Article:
Examination Procedure

Examination: formal and as to novelty and patentability.

Accelerated examination: available under the Patent Prosecution Highway (PPH) program and fast-track processing. PPH: an applicant receiving positive examination results from an Office of first filing/earlier examination/PCT examination may request for examination in respect of allowable claims. Finland is part of the Global PPH agreement. Additionally, Finland has separate pilot programs with the following Offices: IPO-CZ (Czech Republic), EAPO (Eurasian Patent Organization) and CNIPA (China). Fast-track: can be be requested at filing if the invention relates to bioeconomy, circular economy or clean technology solutions; the applicant intends to file a PPH request based on the application or there is an important economic reason, or some other strong argument. After a granted fast-track processing request, the first Office action will be provided within three months from initiation of examination.

Amendment of application: the application must not be amended with regard to subject matter which did not appear in the application documents at the time of filing. After the notice of acceptance, the patent claims may not be broadened. If the application is non-uniform the examination will be carried out as to the invention first defined in the claims. The Office will issue a notification as to non-unity of the inventions. After the examination has been carried out for the first invention the applicant cannot restrict the application to an invention which is not depending on the examined invention.

Right of prior user: anyone who was using the invention in good faith at the time of filing, or had made substantial preparations to that effect, may continue to use it in his business provided he does so in the same manner as before.

Disputes about ownership: if anyone makes a claim to the Patent Office that he is the true owner of the invention and not the applicant, and if the case is considered uncertain, the Patent Office may direct the claimant to bring an action before a court of law.

Division and branching: independent inventions described in a patent application when filed may be divided as from the filing date of the said patent application. A divisional application may be filed at any time before the notice of acceptance in accordance with Section 19 of the Patent Act. “New matter” introduced into an application during its prosecution may be subjected to a new branched off application with an effective filing date as from the date of introduction.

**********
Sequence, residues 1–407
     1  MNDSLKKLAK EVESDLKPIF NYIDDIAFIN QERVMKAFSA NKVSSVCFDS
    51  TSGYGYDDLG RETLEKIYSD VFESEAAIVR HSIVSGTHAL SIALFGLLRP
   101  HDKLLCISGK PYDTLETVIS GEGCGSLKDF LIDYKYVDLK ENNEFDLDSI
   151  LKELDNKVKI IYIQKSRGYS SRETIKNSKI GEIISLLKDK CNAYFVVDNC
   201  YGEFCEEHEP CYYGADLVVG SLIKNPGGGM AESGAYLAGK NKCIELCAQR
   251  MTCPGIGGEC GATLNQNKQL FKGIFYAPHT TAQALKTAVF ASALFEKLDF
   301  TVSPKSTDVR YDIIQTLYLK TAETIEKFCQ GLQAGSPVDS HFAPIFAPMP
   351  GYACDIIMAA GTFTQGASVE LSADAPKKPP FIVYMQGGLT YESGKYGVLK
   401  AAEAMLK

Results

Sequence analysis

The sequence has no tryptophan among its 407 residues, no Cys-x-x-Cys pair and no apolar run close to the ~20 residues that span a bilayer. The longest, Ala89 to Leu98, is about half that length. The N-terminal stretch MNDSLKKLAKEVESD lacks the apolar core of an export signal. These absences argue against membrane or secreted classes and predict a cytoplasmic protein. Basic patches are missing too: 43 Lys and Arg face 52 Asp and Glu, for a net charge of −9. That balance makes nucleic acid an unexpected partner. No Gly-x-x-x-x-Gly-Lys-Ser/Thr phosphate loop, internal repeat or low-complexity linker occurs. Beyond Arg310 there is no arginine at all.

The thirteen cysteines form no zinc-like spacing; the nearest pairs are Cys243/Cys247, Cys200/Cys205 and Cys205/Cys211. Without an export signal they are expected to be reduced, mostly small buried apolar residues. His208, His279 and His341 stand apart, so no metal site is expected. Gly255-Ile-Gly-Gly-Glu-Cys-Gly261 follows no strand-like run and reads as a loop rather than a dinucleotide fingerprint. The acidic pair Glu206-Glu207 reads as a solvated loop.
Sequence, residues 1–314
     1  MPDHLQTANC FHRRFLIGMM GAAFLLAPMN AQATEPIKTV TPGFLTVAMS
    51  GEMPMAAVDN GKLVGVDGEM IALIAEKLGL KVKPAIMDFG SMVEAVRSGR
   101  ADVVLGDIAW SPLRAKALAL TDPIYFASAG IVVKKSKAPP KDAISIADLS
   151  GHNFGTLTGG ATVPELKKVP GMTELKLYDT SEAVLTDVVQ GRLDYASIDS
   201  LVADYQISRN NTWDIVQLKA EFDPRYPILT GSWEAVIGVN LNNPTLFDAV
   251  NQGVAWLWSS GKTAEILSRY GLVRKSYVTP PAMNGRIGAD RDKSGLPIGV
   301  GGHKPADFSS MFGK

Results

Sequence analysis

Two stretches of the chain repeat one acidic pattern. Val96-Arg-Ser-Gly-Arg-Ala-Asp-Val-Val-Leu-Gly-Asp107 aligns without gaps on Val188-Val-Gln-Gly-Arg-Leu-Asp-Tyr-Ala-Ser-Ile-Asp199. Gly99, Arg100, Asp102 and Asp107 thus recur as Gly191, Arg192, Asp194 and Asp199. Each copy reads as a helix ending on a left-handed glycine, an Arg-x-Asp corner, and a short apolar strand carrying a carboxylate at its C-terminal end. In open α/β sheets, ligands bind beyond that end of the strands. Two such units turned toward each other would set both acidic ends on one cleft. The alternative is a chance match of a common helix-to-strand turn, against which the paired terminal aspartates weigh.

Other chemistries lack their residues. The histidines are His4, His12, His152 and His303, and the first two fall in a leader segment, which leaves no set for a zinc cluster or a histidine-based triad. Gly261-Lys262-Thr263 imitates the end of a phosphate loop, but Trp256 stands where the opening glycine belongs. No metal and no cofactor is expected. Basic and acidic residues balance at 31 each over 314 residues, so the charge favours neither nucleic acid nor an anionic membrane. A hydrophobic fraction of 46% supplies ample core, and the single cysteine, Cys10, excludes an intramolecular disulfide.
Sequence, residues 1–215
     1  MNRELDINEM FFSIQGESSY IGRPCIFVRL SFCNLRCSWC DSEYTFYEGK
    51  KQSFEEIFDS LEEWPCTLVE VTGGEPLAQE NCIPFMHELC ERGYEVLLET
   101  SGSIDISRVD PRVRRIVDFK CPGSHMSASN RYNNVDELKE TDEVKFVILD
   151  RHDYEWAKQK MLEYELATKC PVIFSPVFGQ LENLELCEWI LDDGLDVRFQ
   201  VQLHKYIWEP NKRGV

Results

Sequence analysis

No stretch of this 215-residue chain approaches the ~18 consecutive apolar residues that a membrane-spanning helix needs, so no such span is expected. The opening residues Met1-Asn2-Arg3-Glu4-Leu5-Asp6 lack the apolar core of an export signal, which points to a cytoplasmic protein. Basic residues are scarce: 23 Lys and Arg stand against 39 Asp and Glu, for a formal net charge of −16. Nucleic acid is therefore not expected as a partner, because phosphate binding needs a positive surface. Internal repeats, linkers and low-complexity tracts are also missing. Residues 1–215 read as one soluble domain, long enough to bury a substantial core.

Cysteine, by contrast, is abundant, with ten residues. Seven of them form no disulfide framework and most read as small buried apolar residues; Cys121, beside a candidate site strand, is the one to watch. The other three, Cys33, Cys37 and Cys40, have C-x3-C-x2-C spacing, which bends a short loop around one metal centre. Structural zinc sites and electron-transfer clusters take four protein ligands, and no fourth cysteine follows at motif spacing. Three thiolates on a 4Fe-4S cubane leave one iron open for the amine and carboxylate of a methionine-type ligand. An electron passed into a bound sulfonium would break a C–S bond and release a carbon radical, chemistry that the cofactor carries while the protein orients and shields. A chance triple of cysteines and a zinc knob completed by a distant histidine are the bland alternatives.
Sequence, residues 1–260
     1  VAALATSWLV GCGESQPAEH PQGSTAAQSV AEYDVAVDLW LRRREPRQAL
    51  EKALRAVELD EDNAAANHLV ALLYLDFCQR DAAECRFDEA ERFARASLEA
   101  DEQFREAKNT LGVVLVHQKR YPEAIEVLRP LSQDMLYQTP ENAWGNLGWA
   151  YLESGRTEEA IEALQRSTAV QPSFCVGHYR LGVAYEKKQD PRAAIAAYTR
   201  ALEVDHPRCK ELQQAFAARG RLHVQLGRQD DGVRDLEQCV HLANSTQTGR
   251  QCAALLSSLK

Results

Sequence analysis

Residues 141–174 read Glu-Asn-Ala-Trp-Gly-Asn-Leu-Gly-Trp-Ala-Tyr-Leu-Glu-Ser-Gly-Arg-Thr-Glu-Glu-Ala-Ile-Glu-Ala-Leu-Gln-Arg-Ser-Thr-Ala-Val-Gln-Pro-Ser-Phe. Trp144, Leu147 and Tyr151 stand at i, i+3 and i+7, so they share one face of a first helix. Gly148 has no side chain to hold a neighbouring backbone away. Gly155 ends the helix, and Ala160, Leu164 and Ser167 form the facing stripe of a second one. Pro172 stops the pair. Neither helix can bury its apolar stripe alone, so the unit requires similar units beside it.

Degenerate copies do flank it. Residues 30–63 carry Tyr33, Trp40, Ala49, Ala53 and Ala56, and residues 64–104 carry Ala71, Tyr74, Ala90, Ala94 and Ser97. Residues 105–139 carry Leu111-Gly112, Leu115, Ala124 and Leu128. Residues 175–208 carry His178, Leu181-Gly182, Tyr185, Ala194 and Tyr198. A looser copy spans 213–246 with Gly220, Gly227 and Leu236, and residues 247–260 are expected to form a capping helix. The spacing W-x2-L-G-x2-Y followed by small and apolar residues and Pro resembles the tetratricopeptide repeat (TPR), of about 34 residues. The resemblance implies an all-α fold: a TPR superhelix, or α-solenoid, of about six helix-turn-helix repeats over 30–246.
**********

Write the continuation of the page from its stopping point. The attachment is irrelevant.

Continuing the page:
Publication of application: from the day on which the patent is granted, the documents are available to the public. Documents are also available to the public when eighteen months from the filing or priority date have passed or earlier on the request of the applicant.

Opposition: an opposition to the granted patent can be filed within nine months from the date of grant. The parties to an opposition may request an oral hearing, but it is at the discretion of the Patent Office to decide whether oral hearings will be held or not.

Appeal: a party to a decision of the Patent Office may appeal the decision to the Market Court. The decision of the Market Court may with leave to appeal be appealed to the Supreme Administrative Court.

Request for restriction: it is possible for a patent proprietor to request the Patent Office to restrict his/her patent retroactively to a part of its original scope, e.g. in order to avoid a possible nullity action or to adapt the patent to the state of prior art. A request that the patent be restricted can be filed only by the owner of the patent. The request should be filed with the Patent Office. The request must include the name and address of the patent proprietor, patent number, restricted claims, description and drawings, if amended, and the prescribed fee. If a nullity action has been taken, the owner of the patent can file the request only with the court before the case proceeds from preparation to the main hearing. The court will decide on the restriction issue separately before the nullity action proceeds.

Request for revocation: a patent proprietor may retroactively request the Patent Office for revocation of his/her patent with effect as from the application date.

Procedural languages: starting from November 1, 2011 national patent applications may in addition to Finnish (or Swedish) be filed in English. An application filed in English may upon request of the applicant be handled up to grant in English. Claims as filed need however be translated into Finnish (or Swedish) before eighteen months have elapsed from the filing date or priority date. If the claims are amended before grant, the amended claims as allowed need to be translated into Finnish (or Swedish). However, in possible appeal or opposition proceedings or infringement cases the whole specification must be translated into Finnish (or Swedish).